There are a number of ways in which the scenario can end. The parent can reabsorb the experiment by transferring the members involved or refusing to renew the lease. This simply does not work much any more. On the other hand, the majority of the members of the new group can disperse, having had quite enough of the whole business, and the third is the formation of a new community.
On the supposition that a new community is born, it still has a difficult road to travel. The bonds of a common struggle against an arch enemy have allowed the group to maintain some sort of coherence during the birth pangs, but once the group is independent, it loses this factor of unity. The innate diversity of its members now starts to make itself felt, and since the mechanics of new community formation is known, and the fear of killing the mother is overcome, the new community can soon find itself in a struggle with its own offspring. This process is hastened by over-anxious recruiting policies, and the ease with which goods are stock-piled and bureaucratic systems are constructed.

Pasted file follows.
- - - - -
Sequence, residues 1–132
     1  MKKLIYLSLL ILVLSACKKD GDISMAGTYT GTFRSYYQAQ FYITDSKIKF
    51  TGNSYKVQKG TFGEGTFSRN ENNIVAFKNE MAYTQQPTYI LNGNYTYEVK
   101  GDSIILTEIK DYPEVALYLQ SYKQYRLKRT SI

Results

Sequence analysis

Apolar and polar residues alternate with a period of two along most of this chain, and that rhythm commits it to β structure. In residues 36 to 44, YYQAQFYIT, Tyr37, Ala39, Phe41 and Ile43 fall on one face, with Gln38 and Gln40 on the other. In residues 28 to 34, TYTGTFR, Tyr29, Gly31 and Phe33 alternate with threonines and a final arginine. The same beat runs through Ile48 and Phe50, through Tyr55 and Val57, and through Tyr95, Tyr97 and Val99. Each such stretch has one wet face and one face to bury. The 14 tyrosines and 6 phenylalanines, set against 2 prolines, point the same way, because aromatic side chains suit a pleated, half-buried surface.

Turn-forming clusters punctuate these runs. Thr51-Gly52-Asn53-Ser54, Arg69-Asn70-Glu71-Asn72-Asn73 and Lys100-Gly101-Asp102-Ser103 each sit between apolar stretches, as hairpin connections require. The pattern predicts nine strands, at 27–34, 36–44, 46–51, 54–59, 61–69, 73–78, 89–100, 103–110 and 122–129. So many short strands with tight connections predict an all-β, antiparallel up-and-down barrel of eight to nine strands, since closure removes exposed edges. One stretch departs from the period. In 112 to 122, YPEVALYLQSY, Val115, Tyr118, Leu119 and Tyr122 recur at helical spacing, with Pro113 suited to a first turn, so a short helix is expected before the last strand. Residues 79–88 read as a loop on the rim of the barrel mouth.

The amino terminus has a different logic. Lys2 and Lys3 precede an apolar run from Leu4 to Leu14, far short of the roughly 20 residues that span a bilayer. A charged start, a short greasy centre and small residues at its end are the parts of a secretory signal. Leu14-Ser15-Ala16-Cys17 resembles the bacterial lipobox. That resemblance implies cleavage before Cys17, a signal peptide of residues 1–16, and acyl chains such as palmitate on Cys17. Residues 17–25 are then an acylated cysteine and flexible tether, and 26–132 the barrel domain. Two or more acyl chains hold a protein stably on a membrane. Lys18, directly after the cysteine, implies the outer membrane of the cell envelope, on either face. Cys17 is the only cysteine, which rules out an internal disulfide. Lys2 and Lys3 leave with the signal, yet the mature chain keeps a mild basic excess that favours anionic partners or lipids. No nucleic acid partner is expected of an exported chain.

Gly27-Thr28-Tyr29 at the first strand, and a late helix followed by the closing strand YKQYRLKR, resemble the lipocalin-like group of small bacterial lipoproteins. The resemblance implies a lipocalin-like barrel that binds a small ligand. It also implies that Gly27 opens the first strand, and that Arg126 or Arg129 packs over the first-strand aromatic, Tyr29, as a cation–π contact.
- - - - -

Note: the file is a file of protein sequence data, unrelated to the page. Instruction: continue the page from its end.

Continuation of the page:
If at the outset of a planned reform the innovators were acquainted with the basic moves of the game, they could plan ahead much more effectively and increase the odds for their survival. The first question would be to determine the feasibility of remaining in the parent community. If it is feasible, granted certain conditions, how is it possible to bring these conditions about? If it is not feasible, then what is necessary in order to break successfully? In most cases, the odds will be weighted towards a complete break. However, any premature disclosure of this intention by the reformers will result in their expulsion before they are ready. The political realities of life, even religious life, must be faced if one wants to succeed. In large communities the most apt members for a renewed branch of the community have often been silently forced out one by one before they could get together to act, while the experiments that are started are usually too small to prosper on their own. On the other hand, a carefully planned move on the part of a coalition of twenty or thirty reform members could break successfully for suitable conditions or even take control of the community.